Gary Kelley

Gary Kelley
Gary Kelley is a well-known American Illustrator with a long list of impressive clients, including Time, Newsweek, Rolling Stone, The New Yorker, Atlantic Monthly, The Los Angeles Times, The Boston Globe, and numerous agencies and design firms.

He has received 27 gold or silver medals from the Society of Illustrators in New York, and was inducted into the Society of Illustrators Hall of Fame in 2007.

He created the two 70-foot murals for the dramatic Barnes and Noble bookstore at 5th Avenue and 48th Street in New York, has lectured at numerous art schools across the U.S. and is joining the faculty of the Hartford Illustration MFA program.

Kelley has illustrated several picture books, including classics like The Legend of Sleepy Hollow, Rip Van Winkle, and Poe’s Tales of Mystery.

Kelley does not maintain his own web site as far as I can tell, but he has a portfolio on the Richard Solomon site. Unfortunately, the new Solomon site is designed in a way that doesn’t permit the bookmarking of individual artist’s sections (What were they thinking?), so I have to direct you to the home page, and tell you to click on “Illustrators” link at top left, that just looks like a heading (What were they thinking?) and pop out the hidden menu (What were they thinking?) and find him in the list to see his portfolio (What? Were they thinking?).

There is a sort of pop-up menu of thumbnails at the bottom that you have to do some mouse gymnastics to get out of your way so you can see the whole picture. There are links at the top to a bio and case study.

Kelley has a strong geometric style, obviously informed by an admiration for Cubism in general and Picasso in particular. He has a remarkable ability to handle complex scenes with multiple figures and faces; and not only fill them with expressive human qualities, but focus your eye unerringly to the particular face or faces that he wants you to see. He does this without overt tricks of lighting, or blatant splashes of color; but instead using subtle control of value, color and composition, all within his intricate grid of geometrically defined shapes.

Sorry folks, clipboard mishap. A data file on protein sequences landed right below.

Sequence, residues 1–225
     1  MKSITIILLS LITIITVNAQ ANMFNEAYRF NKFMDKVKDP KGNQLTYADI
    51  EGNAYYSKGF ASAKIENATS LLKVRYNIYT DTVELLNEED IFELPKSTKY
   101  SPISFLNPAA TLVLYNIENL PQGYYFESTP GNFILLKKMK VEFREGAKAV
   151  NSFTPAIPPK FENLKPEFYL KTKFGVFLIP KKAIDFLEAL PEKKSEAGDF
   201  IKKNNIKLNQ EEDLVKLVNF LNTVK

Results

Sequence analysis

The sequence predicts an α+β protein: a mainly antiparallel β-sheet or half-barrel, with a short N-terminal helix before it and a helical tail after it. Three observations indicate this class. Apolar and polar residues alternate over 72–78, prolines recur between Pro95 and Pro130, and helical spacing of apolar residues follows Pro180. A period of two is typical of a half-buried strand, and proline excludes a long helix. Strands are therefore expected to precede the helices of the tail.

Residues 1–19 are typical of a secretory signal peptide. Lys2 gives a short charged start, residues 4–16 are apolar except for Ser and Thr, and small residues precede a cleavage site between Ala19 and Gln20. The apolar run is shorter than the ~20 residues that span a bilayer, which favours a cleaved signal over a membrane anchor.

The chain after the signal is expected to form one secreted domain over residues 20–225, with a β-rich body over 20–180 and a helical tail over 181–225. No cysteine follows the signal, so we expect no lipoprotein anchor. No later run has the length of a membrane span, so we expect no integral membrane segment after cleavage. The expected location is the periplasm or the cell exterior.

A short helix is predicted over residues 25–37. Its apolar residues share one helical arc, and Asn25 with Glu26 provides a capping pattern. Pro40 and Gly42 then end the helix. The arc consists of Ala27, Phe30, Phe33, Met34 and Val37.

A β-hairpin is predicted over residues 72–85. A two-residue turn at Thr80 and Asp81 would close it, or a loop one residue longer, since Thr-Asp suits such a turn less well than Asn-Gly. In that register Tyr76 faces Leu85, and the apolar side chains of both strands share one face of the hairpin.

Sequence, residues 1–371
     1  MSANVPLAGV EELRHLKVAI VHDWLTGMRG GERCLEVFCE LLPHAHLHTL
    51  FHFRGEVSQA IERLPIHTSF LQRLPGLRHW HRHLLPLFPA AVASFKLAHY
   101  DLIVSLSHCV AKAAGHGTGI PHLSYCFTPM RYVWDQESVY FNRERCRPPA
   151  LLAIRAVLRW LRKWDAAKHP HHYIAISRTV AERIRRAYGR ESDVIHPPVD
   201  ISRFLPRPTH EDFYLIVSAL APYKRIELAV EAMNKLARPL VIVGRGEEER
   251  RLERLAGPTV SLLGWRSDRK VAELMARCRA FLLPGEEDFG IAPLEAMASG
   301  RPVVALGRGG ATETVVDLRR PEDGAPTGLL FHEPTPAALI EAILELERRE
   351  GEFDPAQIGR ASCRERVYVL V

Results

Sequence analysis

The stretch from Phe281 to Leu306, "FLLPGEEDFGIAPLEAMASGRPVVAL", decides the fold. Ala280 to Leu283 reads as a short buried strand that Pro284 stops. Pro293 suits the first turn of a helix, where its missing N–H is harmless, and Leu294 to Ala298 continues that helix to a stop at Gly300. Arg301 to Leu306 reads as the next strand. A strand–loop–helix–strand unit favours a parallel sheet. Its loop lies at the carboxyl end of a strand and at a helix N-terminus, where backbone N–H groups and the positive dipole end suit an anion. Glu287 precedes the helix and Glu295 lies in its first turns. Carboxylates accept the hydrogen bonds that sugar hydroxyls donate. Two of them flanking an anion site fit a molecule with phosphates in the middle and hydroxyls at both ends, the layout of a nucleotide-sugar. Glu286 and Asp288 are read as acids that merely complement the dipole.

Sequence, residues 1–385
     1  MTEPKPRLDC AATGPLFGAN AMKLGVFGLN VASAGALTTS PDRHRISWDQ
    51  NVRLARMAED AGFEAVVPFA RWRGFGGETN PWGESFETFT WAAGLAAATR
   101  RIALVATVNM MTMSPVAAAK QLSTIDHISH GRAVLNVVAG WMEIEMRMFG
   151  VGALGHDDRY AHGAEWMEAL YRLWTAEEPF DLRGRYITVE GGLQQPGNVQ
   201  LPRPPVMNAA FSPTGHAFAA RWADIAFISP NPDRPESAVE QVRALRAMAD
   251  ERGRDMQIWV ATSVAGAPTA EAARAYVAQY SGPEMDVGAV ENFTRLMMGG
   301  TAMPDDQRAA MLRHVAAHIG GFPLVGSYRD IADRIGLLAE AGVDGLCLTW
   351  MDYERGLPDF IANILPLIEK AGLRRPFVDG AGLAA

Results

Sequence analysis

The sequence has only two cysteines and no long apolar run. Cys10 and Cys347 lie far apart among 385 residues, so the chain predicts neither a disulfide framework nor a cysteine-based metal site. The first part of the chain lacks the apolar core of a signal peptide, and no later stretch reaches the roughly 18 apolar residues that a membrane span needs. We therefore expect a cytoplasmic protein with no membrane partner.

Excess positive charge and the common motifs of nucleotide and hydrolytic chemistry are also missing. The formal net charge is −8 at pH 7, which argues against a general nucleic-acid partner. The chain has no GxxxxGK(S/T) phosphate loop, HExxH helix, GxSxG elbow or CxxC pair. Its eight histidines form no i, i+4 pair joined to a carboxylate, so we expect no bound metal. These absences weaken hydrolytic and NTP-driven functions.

His palette varies from muted to bright, depending on the demands of the subject, and his colors are augmented with the deft application of texture, both in subjects and backgrounds. He also has a great knack for creating portraits that are stylized without being caricatures.

The Illustration Academy has a page devoted to Kelly, with a short bio, some (unfortunately small) images, and two interesting slide shows of demos he gave at the Academy, one in colored pencil, the other in pastel.


11 Replies to “Gary Kelley”

  1. That was so Art Deco that I was surprised to see he’s a modern-day artist! I can see it now, I think, in the more realistic faces and the way he plays with angle and perspective. But damn.

  2. For what it’s worth,

    Gary Kelley is represented by Richard Solomon.
    Richard’s building was the building in NYC that was crushed by the crane a few days ago.
    (and by crushed, I mean pulverized.)
    Along with the building, a LOT of original paintings have been destroyed.
    Richard had one painting from each artist he represents, often times their BEST piece…
    including works by Gary Kelley, Greg Manchess, Jim Bennett, and dozens more.
    The backup transparencies for these paintings have also been destroyed.

    They have set up a temporary site to work out of, so it should not affect current business TOO much…
    but the loss is staggering.

  3. Yes, Gary is a great talent and one terrific guy. He recently did a series of twenty-something paintings (primarily oils) inspired by the seven movements in Gustav Holst’s THE PLANETS. Timed to the music of the live orchestra, the production was phenomenal. In fact, in a few days I’ll be moderating a panel in which Gary and the other artists on that project discuss the endeavor. If you’re close to Cedar Falls, join us! See more at (best viewed in Firefox).

  4. I am trying to locate a print by Gary Kelley showing a woman holding an apple behind her while looking at her friend sitting on a chair. Could someone email me and let me know if they know where I can find this print.Thank You!!

  5. I have the print your looking for, I call it “Adam and Eve” but would love to know the real name if anyone knows it. I bought mine at M J designs in Texas

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